HARVARD — Cooking over a hearth is a practice California native Debra Vanderwerf knows well from her days at the Concord Museum where she instructed tourists on the basics of pre-Revolutionary War cuisine. Though she left the museum several years ago to become a full-time mother, she’s retained a love of hearth kitchens.

This winter, she’s teaching a series of hearth cooking classes out of her home. There’s a demand for this type of instruction, she said.

“People really enjoy the hands-on learning and the historic aspects of this cooking,” she said. “Many of them said they always wanted to try this, but they just didn’t want to do it on their own. It’s a lot like camp cooking, but indoors.”

For $40 per person, she provides students with the fixings and expertise to prepare a colonial-style feast, which is eaten at the session’s end.

Vanderwerf described the lessons as more of a way to share her interests in cuisine and history than a business venture.

“It’s definitely not a big moneymaker,” she said. “It’s more that I enjoy cooking, and I enjoy cooking with people.”

Vanderwerf took up colonial cooking while working at the museum from 1999 to 2000, where she greatly expanded her knowledge on colonial life. She’s also a wine educator, a food-service-oriented professional that provides expertise on food and wine pairings for the restaurant industry. She was an instructor in that capacity at Middlesex Community College from 2003 to 2005.

The self-proclaimed jack-of-all-trades’ recent venture in home instruction began at her own fireplace.

Her family bought a house on Old Schoolhouse Road that dates back to 1764. Its hearth is outfitted for cooking.

In fact, what was billed as the formal dining room with a hearth was actually the 19th-century kitchen.

Vanderwerf said that wasn’t why her family bought the home, but she put the hearth to work nonetheless. She’s even cooked Thanksgiving dinner with it for the past couple of years.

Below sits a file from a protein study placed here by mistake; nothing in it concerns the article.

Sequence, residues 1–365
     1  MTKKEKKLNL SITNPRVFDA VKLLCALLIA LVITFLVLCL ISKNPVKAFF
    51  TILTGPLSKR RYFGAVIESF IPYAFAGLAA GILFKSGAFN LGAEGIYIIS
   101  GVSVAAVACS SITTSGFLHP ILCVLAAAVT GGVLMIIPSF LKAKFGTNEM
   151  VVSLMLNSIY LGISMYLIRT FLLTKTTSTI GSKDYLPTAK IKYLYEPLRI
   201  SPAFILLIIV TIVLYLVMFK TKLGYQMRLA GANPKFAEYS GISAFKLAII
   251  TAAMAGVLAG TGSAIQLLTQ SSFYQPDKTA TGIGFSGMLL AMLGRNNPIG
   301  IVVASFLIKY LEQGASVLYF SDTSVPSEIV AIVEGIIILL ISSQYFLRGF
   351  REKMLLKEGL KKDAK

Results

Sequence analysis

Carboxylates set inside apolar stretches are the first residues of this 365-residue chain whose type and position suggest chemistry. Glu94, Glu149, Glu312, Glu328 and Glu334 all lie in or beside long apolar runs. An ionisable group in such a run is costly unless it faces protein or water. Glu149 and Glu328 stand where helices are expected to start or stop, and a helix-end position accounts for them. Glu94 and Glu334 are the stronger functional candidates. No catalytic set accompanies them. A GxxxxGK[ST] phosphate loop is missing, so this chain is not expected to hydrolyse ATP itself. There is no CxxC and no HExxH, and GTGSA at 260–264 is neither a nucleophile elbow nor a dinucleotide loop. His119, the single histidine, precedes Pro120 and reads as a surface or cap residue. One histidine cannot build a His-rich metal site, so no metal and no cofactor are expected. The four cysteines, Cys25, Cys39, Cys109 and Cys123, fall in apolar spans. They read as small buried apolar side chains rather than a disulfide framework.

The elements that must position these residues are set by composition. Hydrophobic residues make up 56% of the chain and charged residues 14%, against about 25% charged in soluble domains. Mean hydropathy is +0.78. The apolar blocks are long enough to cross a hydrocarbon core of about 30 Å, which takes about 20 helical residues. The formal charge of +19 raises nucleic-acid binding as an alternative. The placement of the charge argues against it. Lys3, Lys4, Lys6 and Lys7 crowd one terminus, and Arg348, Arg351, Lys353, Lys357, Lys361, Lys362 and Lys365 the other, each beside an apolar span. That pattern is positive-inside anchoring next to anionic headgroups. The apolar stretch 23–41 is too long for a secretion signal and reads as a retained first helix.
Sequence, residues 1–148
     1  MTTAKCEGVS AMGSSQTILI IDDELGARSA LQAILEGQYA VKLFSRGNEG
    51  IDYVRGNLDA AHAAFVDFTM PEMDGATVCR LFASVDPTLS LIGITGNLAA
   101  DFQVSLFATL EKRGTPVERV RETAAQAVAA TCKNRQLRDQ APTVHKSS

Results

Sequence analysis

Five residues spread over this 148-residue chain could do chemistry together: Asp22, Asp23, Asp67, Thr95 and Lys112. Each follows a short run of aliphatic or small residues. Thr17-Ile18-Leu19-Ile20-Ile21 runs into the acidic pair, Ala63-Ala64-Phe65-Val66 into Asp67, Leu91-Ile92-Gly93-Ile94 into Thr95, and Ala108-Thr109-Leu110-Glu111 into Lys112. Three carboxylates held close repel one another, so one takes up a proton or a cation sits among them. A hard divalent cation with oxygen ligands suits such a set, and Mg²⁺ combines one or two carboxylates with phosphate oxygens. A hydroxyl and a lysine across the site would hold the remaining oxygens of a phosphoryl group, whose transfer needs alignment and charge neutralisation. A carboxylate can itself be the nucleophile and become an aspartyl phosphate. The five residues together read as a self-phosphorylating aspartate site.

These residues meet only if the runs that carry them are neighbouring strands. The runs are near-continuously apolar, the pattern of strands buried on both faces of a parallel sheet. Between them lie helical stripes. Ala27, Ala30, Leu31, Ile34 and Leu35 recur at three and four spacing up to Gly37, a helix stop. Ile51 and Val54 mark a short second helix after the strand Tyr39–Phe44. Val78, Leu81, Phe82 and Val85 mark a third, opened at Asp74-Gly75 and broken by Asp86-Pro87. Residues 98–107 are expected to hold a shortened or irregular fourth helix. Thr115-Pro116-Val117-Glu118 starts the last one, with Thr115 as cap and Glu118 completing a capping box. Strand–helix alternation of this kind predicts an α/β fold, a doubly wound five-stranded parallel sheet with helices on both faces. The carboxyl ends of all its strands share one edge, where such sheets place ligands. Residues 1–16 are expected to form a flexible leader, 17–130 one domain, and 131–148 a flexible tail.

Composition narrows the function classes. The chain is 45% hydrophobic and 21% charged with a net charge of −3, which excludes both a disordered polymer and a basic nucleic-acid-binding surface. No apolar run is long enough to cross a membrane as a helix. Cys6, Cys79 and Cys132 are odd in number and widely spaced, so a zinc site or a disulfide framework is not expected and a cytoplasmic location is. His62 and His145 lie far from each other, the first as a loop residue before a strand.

Comments from her family spring-boarded into the classes, she said.

“They said it was incredible and that more people should do this,” she said. “That’s what gave me the idea of opening my home and doing these classes.”

The basic instruction includes discussion on basic utensils, fire starting and techniques.

A typical menu includes roasted game hens cooked on a spit, red cabbage with lime, rice pudding and hot spiced cider.

Acton resident Terry Copp recently took a class from Vanderwerf and attested to her skill.

“I had little bit of experience with this type of cooking, but she knew all about the period utensils and types of cooking,” she said. “It was an excellent class. I loved it, and I’m going to take another one. I made a rice pudding there, and now I’m going to make one over my own fire.”

The local 4H club is also taking a class this February as something educational and fun for the kids, said Assistant Leader Tammy Alfano.

“We thought it would be great opportunity for the kids to learn about the tools that were used in old fireplaces,” she said.

Vanderwerf has classes scheduled for Feb. 12 and 25. For information call (978) 456-7810 or e-mail

She’s planning to hold classes at least through March. While hearth cooking is a pleasant winter activity, she didn’t commit to holding classes past winter’s end.

“It can get pretty hot in there,” she said.